Odd-even likely to return if Delhi’s air quality continues to be severe plus, says EPCA
The Supreme Court-mandated Environment Pollution (Prevention and Control) Authority (EPCA) on Thursday wrote to the NCR states to gear up for another round of tough measures under the “emergency” category of the Graded Response Action Plan. The pollution control body’s warning comes in the backdrop of rising pollution levels in the National Capital Region.
In his letter to Delhi, Haryana, Uttar Pradesh and Rajasthan, EPCA chairman Bhure Lal, has also asked the states to intensify ground-level action to cut down local emissions to prevent another smog episode.
“EPCA is monitoring the air quality status in Delhi and the National Capital Region. Pollution level at present is in the category of severe plus. The concentration of both PM2.5 and PM10 is severe plus. We will be monitoring the situation for the next 48 hours. In the meantime take all precautionary measures as per GRAP immediately,” the letter, a copy of with is with Hindustan Times, says.
Under the Centre-notified Graded Response Action Plan (GRAP), pollution is considered ‘severe plus’ or ‘emergency’ when readings of ultrafine particulates PM2.5 or PM10 are above 300 and 500 ug/m3 respectively. On Thursday, at 2pm, the PM2.5 readings touched 320.9 ug/m3, in the emergency levels, while the PM10 levels hovered around the 498 ug/m3 mark.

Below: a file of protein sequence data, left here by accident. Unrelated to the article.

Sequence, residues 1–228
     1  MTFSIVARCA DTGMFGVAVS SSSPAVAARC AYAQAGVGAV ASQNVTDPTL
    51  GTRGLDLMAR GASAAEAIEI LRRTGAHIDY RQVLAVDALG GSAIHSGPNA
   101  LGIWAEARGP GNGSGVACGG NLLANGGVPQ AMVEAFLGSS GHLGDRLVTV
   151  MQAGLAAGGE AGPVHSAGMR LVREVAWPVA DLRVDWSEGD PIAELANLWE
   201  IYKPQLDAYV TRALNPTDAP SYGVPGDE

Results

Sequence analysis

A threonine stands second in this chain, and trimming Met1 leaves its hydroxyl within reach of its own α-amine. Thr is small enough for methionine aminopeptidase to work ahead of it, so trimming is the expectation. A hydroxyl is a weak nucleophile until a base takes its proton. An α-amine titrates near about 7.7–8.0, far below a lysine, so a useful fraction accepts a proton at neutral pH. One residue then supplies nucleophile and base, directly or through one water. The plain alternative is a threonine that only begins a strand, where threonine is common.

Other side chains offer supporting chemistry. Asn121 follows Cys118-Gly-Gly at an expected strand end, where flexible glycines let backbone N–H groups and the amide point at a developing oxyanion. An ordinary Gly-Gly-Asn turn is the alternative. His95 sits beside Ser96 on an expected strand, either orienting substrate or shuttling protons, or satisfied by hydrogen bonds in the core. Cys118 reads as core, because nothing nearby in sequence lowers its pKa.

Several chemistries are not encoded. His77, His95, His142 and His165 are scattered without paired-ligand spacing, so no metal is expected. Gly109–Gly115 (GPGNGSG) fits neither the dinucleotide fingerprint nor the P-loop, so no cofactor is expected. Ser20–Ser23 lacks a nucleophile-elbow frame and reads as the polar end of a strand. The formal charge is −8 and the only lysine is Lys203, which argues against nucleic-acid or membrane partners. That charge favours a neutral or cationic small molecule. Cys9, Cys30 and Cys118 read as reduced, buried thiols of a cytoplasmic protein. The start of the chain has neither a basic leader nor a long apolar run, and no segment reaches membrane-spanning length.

Measures listed under the emergency category are rolled out when the ‘severe plus’ conditions prevail for 48 hours at a stretch.
Thursday’s air quality index (AQI), according to the Central Pollution Control Board, was 469 which is ‘severe’ and substantially poorer than Wednesday’s 359, which was ‘very poor’. The AQI is calculated on a scale of 0-500.
If the EPCA notifies the emergency action plan, which was done when a seven-day smog cover enveloped the city in November this year, measures including a ban on entry of trucks, construction activities and rollout of the odd-even scheme have to be enforced in the city.
For a week, starting November 7, the air quality index in the city had touched “severe” levels this year. On November 9, it had reached the highest of the season, touching 486. On November 14, after a week of foul air, the AQI came down to 308.
Experts later said that a dust storm in the Gulf area was the main reason behind the weeklong smog in Delhi and adjoining areas.